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"Iron rusts from disuse, stagnant water loses its purity and in cold weather becomes frozen; even so does inaction sap the vigors of the mind." Leonardo da Vinci (1452-1519)
Having an undergraduate degree in art history and a graduate degree in library science, I am always on the lookout for good reads, fiction or nonfiction, that center around art and artists. Whether or not you have read them or have seen the movies, nearly everyone is familiar with "The Da Vinci Code" and "The Girl with the Pearl Earring." Here are some equally good stories that feature artists or a well-known work of art that will be enjoyable reads. Included are two recent biographies that were well-researched and provide great insight into these American artists.
"The Lost Painting," by Jonathan Harr: Part detective story, part historical account, this is a true story of a painting, "The Taking of Christ" by the well-known 17th century Italian painter, Caravaggio. Harr sends the reader on a spellbinding journey that begins when a young graduate student, Francesca Cappelletti, discovers that this painting is missing. Interwoven with this mystery are the details of the artist's life, just as spellbinding as Francesca's search for the missing painting. Caravaggio had a violent temper and constantly was in and out of jail after frequent brawls in local taverns. At the same time, he was creating his powerful paintings. Scholars estimate that between 60 and 80 of Caravaggio's works are in existence, but many others are unaccounted for.
"Cézanne's Quarry," by Barbara Corrado Pope: This is the author's first novel, and she has woven a suspenseful mystery around the well-known 19th century French painter Paul Cézanne and a novice magistrate, Bernard Martin. It is August, the traditional month when the French take their vacations, and all the other magistrates are away. Martin has two suspects in the murder of a young Parisian woman who recently has moved to Aix-en-Provence, and one of them is Cézanne. Her body has been found near a quarry where the painter is known to occasionally paint. Pope provides a mystery with some twists and some insight into the artist and his influential family.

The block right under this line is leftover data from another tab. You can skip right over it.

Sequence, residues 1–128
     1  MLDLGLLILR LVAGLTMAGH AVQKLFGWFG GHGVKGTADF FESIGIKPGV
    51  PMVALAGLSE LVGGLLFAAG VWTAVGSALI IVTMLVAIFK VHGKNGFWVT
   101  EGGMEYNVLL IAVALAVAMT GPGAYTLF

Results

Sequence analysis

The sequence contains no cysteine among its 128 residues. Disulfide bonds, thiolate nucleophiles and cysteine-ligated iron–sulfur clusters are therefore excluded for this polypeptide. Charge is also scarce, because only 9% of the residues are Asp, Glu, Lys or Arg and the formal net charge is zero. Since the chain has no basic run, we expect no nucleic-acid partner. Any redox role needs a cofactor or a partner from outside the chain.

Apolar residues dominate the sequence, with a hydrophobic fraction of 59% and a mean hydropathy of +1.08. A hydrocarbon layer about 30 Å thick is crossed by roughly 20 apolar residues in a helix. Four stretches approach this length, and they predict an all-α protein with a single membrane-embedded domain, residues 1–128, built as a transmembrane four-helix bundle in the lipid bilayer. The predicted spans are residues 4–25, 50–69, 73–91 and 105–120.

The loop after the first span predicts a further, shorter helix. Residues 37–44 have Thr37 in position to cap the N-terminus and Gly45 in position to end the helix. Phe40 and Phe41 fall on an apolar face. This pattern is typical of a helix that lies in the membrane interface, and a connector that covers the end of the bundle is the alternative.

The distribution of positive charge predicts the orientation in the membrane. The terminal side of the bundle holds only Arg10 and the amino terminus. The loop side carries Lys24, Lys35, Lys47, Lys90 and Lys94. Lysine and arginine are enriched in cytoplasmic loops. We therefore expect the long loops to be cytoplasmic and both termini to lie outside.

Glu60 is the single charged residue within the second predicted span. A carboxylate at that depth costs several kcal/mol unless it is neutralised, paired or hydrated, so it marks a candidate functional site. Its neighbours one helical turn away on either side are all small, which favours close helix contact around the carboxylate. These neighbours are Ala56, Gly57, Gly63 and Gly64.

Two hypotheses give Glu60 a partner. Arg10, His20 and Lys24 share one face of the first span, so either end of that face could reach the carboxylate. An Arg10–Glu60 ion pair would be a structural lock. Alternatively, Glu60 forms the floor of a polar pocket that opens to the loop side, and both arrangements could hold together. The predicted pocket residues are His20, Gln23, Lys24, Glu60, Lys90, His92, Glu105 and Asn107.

"Full Bloom: The Art and Life of Georgia O'Keeffe," by Hunter Drohojowska-Philp: The author spent more than a decade researching and writing this book and has uncovered some of the many myths and legends surrounding O'Keeffe. Included are quotations from interviews and letters that have not previously been published. The first of three sections goes back four decades before her birth and describes the origin of the Wisconsin dairy farm her immigrant grandparents started and on which she and her siblings were born. The second section describes her years in New York and her relationship with, among others, her future husband, photographer Alfred Stieglitz. The third section covers the years O'Keeffe spent in New Mexico until her death. This is a very thorough and revealing biography of one of America's most well-known artists.
"de Kooning: An American Master," by Mark Stevens and Annalyn Swan: The authors spent 10 years writing this definitive biography, resulting in a very detailed and fascinating picture of this Dutchman, who first came to America as a 22-year-old stowaway on a freighter that had sailed from Rotterdam. He ends up in the bohemian art world of New York and makes friends with many people, including rival artists Jackson Pollock and Arshile Gorky. We see de Kooning in action and have a sense of being in the studio with him as he creates his works of art. The artistic process was not easy for him at times, and de Kooning's personal life can only be described as dysfunctional. However, his work as a mature artist parallels the growth of American art and its subsequent maturing into the center of modern Western art.